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Afghan asylum seeker who stabbed a backpacker 10 times at a Perth hostel is found not guilty due to ‘mental illness’

An Afghan refugee convicted criminal who stabbed a backpacker in a savage unprovoked attack in a Perth hostel kitchen has been found not guilty of attempted murder on mental health grounds.

Western Australian Supreme Justice Natalie Whitby this week decided Afghanistan-born Liaqat Ali Zahidi, 30, was “more likely than not” mentally impaired at the time of the stabbing, which left his 27-year-old victim with horrific injuries to his neck, torso, chest and buttocks.

Two psychiatrists told the court it was their opinion that Zahidi was deprived of the capacity to control his actions by undiagnosed and untreated mental illnesses, including depression, schizophrenia and PTSD.

“Therefore, I find that the accused cannot be considered criminally responsible for his actions and must be found not guilty on account of unsoundness of mind,” Justice Whitby ruled.

Zahidi’s frenzied attack at Koala Backpackers in East Perth on September 8, 2021, was caught on CCTV which showed the victim trying to flee as Zahidi chased him around the kitchen and stabbed him 10 times with a butcher’s knife.

Liaqat Ali Zahidi moments before his savage attack on a fellow backpacker (WA Supreme Court)

The victim, who did not know Zahidi, could be heard shouting “what did I do?” as he tried desperately to get away, before eventually managing to escape. He miraculously survived after undergoing emergency surgery.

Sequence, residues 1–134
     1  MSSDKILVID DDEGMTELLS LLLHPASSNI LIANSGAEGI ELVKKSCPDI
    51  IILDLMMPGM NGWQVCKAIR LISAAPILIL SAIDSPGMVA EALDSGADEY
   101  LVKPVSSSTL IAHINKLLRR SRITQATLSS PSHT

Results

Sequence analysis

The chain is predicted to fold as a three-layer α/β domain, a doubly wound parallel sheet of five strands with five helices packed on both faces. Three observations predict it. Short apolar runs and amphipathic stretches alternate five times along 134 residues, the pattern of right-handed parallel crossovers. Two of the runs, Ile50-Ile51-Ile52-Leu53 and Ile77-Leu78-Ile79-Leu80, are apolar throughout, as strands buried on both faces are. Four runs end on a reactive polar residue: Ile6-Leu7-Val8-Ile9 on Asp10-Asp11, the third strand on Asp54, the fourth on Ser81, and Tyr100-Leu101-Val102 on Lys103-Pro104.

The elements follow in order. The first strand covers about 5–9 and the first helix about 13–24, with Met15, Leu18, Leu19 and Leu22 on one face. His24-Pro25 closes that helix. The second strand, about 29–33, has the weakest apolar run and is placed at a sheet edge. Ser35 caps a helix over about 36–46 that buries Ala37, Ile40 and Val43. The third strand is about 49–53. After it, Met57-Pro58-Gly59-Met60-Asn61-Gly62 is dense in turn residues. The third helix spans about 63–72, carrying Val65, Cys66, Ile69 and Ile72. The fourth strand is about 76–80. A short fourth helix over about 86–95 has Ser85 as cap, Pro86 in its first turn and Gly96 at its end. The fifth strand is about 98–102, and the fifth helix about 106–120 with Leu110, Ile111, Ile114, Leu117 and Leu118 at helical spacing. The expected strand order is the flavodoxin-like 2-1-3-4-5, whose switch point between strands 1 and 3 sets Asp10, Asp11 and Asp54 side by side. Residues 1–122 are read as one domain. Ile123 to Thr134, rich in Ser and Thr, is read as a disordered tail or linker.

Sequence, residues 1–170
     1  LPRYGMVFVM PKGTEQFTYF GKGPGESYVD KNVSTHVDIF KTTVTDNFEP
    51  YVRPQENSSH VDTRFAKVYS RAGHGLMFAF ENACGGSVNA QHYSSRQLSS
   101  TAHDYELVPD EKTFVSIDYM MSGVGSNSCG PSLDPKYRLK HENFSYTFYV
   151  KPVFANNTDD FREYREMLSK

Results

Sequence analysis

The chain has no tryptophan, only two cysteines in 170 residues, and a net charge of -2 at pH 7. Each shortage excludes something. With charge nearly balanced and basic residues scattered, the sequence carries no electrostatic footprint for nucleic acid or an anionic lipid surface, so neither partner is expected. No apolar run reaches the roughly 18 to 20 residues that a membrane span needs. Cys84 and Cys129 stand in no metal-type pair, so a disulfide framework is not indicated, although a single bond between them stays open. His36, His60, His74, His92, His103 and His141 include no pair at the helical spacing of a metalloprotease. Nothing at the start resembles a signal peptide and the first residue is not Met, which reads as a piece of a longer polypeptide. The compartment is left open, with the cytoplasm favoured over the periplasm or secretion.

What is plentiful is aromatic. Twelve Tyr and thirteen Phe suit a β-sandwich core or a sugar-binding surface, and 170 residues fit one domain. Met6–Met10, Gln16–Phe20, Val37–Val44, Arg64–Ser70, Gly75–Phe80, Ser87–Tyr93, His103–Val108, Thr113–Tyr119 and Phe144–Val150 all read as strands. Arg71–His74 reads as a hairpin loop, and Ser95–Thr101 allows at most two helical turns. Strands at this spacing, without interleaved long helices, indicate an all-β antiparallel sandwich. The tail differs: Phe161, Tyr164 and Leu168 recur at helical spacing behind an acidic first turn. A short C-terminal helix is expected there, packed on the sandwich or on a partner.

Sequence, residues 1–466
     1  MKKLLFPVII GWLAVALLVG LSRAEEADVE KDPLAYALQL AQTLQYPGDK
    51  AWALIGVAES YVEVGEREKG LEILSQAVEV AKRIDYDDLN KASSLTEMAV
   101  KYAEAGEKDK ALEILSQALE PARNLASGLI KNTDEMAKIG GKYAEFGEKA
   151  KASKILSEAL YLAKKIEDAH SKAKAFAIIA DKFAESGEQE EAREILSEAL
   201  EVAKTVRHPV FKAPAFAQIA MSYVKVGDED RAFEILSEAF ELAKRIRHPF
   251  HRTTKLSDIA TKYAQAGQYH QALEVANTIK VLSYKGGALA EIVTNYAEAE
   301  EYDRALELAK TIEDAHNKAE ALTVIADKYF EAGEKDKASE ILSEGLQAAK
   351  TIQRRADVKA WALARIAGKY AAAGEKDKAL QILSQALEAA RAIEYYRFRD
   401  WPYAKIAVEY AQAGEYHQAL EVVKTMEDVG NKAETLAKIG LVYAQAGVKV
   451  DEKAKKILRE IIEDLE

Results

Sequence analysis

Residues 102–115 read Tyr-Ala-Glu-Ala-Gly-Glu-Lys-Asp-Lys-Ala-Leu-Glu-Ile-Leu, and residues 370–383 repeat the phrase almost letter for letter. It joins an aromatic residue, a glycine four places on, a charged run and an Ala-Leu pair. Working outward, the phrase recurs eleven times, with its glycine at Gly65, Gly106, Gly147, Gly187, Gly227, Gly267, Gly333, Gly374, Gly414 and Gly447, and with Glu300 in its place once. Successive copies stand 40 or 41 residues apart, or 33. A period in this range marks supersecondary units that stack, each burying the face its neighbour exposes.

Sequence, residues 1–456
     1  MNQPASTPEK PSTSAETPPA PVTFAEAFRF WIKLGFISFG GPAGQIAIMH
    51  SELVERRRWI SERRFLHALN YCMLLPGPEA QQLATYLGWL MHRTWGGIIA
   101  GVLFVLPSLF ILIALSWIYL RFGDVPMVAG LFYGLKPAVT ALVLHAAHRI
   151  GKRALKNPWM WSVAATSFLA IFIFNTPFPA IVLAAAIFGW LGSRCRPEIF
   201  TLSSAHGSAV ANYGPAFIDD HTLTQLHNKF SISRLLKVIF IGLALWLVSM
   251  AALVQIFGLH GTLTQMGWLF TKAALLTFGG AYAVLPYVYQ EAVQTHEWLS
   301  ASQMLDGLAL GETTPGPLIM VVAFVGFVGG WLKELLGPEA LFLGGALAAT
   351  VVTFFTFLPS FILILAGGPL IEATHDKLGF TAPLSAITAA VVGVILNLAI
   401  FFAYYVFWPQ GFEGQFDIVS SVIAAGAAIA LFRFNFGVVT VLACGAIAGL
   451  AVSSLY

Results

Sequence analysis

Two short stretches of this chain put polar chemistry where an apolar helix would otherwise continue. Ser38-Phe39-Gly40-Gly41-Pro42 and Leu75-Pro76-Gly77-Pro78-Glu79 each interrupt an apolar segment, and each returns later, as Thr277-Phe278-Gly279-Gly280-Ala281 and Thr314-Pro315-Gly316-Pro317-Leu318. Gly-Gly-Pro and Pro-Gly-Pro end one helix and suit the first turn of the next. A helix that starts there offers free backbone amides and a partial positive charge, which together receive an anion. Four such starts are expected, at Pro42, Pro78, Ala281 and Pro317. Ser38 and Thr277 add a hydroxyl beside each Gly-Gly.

The CCTV footage then shows Zahidi, who did not speak during the attack, walk calmly to the kitchen sink where he washed his hands and the knife.

Zahidi, who had lived in the hostel on and off for 18 months, had been the subject of complaints from other residents and was given notice to leave two days before the attack.

Justice Whitby ordered he be subject to a custody order, meaning he will remain behind bars while the Mentally Impaired Review Board determines when and if he can be released.

The court heard Zahidi came to Australia by boat as an asylum seeker from Afghanistan when he was 16 and had witnessed Taliban murders.

He was later granted permanent residency and worked as a truck driver, but ended up behind bars after being charged with trespassing and stealing, and breaching his bail.

The psychiatrists told the court his mental illnesses were triggered by his first stint in jail.

While in Hakea Prison Zahidi was assaulted and hospitalised days after discovering his cellmate Alf Eades’ body in a pool of blood.

Eades died in hospital after being bashed by four inmates who were charged with murder but found guilty of manslaughter.

The court heard the attackers may have been acting on rumours Eades was a rapist, or on the orders of a bikie gang.

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